The axle means comprise an axle for receiving the wheels at a first end thereof; a threaded portion positioned at a second end of the axle; and a flange positioned between the first and the second ends of the axle. An axle aperture has a circular shape and the flange of the axle has a circular shape for mating with the axle aperture.

The hanger system further comprises an axle tip screw received in a screw aperture in the first end of the axle means for mounting the wheel to the axle. A side surface of the wheel extends a distance d1 from the end of the axle tip screw when the axle tip screw is inserted in the screw aperture. Alternatively, side surface of the wheel is aligned with the end of the axle tip screw when the axle tip screw is inserted in the screw aperture. The hanger system further comprises fastener means threadedly coupled to the threaded portion of the axle adjacent the hanger. In one preferred embodiment, a washer means is positioned between the fastener means and the hanger. The washer means comprises a circular spring positioned around an aperture.

The present invention is also directed to a method for customizing a wheel arrangement on a skate comprising a foot enclosure having a ball region and a heel region; a first hanger set of at least one hanger configured and dimensioned for selectively and removably coupling to the foot enclosure adjacent one of the ball and the heel regions, and a second hanger set of at least one hanger configured and dimensioned for selectively and removably coupling to the foot enclosure adjacent the other of the ball and the heel regions; and plurality of wheels corresponding in number to the hangers of the first and the second hanger sets, the wheels being rotatably and angularly coupled to the corresponding hangers; and mounting at least one hanger of the first set in a predetermined configuration on the foot enclosure adjacent the ball region of the foot enclosure and mounting at least one hanger of the second set in a predetermined configuration on the foot enclosure adjacent the heel region of the foot enclosure. The method further comprising removing at least one hanger from the foot enclosure from either the first set or the second set and remounting the hanger in a new position on the foot enclosure.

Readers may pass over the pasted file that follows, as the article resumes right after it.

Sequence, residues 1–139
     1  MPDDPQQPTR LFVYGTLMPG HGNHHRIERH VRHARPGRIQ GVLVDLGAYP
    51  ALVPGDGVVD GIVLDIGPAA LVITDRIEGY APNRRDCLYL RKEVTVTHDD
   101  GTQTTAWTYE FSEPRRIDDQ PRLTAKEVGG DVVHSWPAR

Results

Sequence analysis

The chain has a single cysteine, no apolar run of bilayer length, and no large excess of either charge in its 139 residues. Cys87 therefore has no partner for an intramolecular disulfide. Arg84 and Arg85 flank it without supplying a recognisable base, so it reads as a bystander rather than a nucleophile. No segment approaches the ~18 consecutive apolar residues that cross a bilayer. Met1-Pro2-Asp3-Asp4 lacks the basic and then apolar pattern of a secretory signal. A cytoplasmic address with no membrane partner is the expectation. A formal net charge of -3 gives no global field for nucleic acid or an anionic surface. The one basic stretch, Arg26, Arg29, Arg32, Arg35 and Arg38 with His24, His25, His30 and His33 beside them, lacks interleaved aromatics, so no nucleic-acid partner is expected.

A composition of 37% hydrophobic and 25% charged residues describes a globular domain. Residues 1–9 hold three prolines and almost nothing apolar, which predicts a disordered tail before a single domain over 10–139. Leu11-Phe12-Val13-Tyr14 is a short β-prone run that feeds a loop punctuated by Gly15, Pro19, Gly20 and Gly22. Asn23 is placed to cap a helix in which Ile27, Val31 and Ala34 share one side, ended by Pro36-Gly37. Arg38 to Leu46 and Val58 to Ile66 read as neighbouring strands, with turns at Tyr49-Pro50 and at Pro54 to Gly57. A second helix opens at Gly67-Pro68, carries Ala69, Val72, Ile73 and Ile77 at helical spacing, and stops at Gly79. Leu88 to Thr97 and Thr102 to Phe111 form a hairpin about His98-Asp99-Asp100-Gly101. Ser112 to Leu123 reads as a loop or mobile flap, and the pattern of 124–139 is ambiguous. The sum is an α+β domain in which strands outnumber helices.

The skate of the present invention has many advantages over prior art skates including a tighter turn radius, more stability, improved performance, quicker sprinting ability and a superior stopping ability.

BRIEF DESCRIPTION OF THE DRAWINGS

These and other objects, features and advantages of the invention will be readily apparent from the following detailed description of the preferred embodiments of the invention in which:

FIG. 1 is a side perspective view of a preferred embodiment of a skate according to the present invention;

FIG. 2A is a perspective view of an arrangement of hangers used for mounting wheels on the skate of FIG. 1;

FIG. 2B is a schematic front end view of the mounting of the hangers shown in FIG. 2A;

FIG. 2C is a schematic front end view of the mounting of wheels on the hangers shown in FIG. 2B.

FIG. 3A is a schematic front end view of the mounting of the wheels at the center of the hanger;

FIG. 3B is a schematic front end view of the mounting of larger diameter wheels at the center of the hanger;

FIG. 3C is a schematic front end view of the mounting of the wheels below the center of the hanger;

FIG. 4 is a rear view of the skate of FIG. 1 during angulation of the skate leftwardly towards the skating surface;

FIG. 5 is a rear view of a prior art skate (U.S. Pat. No. 5,303,940) during angulation of the skate leftwardly towards the skating surface;

FIG. 6A is a bottom plan view of a mounting plate of the skate according to FIG. 1;

FIG. 6B is a front end view of the mounting plate, shown in FIG. 6A, including a phantom portion of a hanger fastener;

FIG. 6C is a top view of a hanger fastener for mounting the hanger to the mounting plate;

FIG. 6D is a side view of the hanger fastener, shown in FIG. 6C;

FIG. 6E is a bottom plan view of an alternative embodiment of the mounting plate shown in FIG. 6A;

FIG. 7 is a bottom plan view of another alternative embodiment of the mounting plate according to the present invention;

FIG. 8A is a perspective view of a hanger used for mounting the wheels according to the present invention;

FIG. 8B is a side cross sectional view of the hanger shown in FIG. 8A with an axle;